Solar power will become an attractive option for consumers to buy after five years due to reduction in prices provided the government offers adequate fiscal incentives and streamlines policies relating to the the electricity market, says Tobias F Engelmeier, managing director, Bridge to India, a consultancy that provides market intelligence and other services to solar sector companies.
Since the launch of the national solar mission in 2010, generation costs for solar projects have fallen 60% to 6.5-7 a unit.
If this rate of price drop continues, solar power may soon compete with coal-generated power, which costs R5-6 a unit.
Encouraged by the dramatic fall in solar generation costs, the Centre has scaled up its initial solar generation target of 20 GW by 2022 to 100 GW, prompting global players to raise their bets on the Indian solar market. As of now, India has installed 3,000 MW solar generation capacity.
Of the 100 gw capacity addition envisaged by 2022, first 60 gw will be added through large-sized projects, of 200-1,000 MW each, over the next five years. After that, 40 GW capacity will be added with the help of smaller ( in kilowatt size), distribution generation projects.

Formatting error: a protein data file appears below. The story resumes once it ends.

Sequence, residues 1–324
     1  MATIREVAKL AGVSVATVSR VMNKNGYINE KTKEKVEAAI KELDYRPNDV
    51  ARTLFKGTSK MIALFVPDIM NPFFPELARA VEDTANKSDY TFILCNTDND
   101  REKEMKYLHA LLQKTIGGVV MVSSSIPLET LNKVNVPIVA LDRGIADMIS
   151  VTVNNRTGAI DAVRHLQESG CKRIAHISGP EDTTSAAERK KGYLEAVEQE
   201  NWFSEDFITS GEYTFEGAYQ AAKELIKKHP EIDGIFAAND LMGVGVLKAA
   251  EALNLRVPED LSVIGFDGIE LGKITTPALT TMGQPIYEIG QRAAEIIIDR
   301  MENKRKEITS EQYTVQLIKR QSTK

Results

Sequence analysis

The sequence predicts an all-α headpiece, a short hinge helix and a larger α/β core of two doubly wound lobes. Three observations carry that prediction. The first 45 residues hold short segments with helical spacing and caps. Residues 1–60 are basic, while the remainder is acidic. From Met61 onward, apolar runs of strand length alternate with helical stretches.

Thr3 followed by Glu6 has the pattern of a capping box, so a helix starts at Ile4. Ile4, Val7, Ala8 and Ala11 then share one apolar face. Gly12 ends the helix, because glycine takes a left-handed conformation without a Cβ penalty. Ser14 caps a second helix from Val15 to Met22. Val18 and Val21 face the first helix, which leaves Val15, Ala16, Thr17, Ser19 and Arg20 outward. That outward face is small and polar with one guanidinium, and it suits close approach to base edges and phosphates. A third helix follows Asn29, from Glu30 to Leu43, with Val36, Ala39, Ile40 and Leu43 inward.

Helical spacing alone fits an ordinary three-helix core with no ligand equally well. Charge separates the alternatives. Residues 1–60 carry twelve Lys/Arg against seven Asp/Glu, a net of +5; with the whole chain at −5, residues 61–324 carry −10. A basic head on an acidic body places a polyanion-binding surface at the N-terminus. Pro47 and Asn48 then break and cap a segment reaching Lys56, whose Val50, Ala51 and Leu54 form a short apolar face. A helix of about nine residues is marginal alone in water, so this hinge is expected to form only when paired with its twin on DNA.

Engelmeier told FE: “While the large projects, which are expected to help in reducing generation costs for the industry, will need fiscal incentives, electricity from smaller projects that are envisaged to come later will be competitive in the market without any subsidy.”
According to him, land acquisition transmission and financing are the three key problematic areas for the solar power sector where the government needs to look into.
Engelmeier said that the government’s decision of not imposing dumping duty on solar equipment has added to the positive sentiments.